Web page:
Resolving the Crisis in Air Traffic Control Funding
Publication Date: May 2005
Publisher(s): Reason Foundation
The air traffic control (ATC) system is faced with a major funding crisis, which puts at risk ambitious plans to double or triple the system's capacity over the next 20 years. Based on the recommendations of the National Civil Aviation Review Commission (known generally as the Mineta Commission), Congress authorized the reorganization of the air traffic control functions of the Federal Aviation Administration into a performance-based organization. The new Air Traffic Organization (ATO) was formally launched early in 2004, headed by former airline executive Russell Chew. But the high hopes for faster and more cost-effective modernization, and for productivity gains, are now at serious risk, with consequences for all of aviation. Just over a year after the start-up of the reorganized ATO, its ability to modernize the system is seriously threatened.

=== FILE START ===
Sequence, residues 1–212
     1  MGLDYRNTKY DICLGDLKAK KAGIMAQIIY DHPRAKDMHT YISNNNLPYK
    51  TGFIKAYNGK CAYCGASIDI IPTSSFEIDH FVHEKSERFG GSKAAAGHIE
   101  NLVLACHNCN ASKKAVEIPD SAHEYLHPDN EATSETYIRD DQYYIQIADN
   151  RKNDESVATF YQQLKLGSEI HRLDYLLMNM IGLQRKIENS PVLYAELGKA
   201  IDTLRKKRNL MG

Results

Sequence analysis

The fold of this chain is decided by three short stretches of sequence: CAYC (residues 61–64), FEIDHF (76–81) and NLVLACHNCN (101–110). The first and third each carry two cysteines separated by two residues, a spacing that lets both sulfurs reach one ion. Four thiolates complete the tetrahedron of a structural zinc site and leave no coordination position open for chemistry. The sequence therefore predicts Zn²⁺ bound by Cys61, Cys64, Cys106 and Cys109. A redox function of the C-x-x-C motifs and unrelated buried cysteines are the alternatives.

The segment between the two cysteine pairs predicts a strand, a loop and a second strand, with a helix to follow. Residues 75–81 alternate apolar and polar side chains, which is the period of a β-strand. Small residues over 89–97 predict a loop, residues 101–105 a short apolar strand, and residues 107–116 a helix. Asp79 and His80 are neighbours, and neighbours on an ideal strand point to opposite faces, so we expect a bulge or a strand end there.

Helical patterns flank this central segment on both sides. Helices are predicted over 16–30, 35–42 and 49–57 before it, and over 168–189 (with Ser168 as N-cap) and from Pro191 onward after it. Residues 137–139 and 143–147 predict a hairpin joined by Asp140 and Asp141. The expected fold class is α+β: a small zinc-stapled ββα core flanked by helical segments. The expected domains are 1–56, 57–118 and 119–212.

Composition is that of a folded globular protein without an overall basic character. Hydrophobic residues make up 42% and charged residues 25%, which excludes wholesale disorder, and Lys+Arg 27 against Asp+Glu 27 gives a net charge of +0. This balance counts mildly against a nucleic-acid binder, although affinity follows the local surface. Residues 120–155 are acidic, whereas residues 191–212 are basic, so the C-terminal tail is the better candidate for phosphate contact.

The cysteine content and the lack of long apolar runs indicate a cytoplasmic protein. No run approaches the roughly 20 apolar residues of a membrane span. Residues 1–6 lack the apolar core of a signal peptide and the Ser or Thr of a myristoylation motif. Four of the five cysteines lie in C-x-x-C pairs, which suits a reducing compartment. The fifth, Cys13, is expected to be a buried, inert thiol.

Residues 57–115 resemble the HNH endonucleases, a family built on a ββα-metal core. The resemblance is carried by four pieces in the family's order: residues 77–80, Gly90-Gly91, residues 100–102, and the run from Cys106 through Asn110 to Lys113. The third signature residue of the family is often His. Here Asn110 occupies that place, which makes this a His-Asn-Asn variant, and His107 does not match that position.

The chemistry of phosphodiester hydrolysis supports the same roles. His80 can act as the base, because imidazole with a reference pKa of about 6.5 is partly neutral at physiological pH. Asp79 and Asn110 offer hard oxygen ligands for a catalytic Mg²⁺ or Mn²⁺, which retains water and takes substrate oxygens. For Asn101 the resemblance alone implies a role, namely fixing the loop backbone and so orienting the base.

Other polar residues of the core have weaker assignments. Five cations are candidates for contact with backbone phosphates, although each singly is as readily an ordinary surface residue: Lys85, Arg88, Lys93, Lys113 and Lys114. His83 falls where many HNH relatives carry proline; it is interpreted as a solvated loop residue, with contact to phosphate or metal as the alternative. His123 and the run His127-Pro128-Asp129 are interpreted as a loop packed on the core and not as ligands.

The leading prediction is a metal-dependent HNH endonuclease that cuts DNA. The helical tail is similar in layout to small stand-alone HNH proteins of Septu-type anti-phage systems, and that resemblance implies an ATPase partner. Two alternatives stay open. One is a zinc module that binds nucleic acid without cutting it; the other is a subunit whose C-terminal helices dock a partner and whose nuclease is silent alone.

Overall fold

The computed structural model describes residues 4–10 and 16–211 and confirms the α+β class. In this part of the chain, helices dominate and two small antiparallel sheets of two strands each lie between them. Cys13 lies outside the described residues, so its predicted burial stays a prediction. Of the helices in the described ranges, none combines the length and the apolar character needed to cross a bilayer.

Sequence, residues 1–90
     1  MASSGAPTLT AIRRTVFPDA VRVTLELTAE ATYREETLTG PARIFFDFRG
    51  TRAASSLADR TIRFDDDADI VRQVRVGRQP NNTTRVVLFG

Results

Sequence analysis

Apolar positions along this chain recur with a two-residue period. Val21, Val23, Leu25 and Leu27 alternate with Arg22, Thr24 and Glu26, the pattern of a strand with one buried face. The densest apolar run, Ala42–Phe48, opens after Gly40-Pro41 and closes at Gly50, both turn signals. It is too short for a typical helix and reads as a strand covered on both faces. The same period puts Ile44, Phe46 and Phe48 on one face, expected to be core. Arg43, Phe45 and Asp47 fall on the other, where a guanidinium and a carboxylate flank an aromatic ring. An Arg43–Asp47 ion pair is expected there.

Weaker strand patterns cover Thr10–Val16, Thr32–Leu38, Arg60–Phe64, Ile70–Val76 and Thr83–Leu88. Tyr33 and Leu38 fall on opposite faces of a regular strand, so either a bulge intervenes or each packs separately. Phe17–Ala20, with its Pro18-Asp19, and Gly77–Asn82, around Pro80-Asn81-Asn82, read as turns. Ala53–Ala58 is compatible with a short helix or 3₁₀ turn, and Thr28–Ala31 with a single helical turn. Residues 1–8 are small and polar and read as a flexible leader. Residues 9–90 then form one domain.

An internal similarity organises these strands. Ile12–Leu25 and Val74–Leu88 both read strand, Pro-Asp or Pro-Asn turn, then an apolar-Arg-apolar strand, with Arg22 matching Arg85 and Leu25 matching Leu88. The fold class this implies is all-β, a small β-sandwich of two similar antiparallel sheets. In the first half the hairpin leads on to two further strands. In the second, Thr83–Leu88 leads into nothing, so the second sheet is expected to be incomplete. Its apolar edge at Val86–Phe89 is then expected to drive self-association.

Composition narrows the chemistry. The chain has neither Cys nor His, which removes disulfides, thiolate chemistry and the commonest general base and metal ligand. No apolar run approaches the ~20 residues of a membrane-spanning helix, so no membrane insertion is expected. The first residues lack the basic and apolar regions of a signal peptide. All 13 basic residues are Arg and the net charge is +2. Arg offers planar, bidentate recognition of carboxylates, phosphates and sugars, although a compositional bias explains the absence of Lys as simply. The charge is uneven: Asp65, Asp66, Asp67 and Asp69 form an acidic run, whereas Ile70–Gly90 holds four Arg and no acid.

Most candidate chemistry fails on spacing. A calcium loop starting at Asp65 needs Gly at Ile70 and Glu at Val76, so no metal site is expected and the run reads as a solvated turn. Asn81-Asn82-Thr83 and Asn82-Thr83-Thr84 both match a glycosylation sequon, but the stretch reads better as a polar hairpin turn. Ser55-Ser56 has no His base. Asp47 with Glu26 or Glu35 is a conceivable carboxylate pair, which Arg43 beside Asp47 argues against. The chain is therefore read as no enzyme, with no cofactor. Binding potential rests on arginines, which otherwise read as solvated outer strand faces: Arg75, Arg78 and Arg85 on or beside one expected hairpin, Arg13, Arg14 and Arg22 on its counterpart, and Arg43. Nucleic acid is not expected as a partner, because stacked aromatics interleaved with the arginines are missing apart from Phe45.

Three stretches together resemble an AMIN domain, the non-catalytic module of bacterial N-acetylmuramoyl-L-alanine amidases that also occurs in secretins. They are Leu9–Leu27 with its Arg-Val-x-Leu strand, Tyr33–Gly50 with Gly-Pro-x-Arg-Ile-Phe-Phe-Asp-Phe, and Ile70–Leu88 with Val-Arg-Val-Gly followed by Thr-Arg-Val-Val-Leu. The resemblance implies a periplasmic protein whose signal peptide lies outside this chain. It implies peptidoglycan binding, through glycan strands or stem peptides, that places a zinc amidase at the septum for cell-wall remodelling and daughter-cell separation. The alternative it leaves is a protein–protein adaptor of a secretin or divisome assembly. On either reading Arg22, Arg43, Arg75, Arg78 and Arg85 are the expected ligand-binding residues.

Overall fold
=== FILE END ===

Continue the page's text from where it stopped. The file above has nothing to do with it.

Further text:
This study recommends that Congress make the ATO a self-supporting unit of the FAA, by authorizing it to charge aviation users directly for its services. The ATO would also be authorized to raise money for capital spending (modernization) by issuing long-term revenue bonds in the capital markets. The FAA's safety regulation and miscellaneous other functions would still be supported, as they are now, by $2 billion per year of general fund monies. And the airport grants program (AIP) could be continued at its current size by a modest tax on airline tickets and cargo waybills (in the vicinity of 1 percent).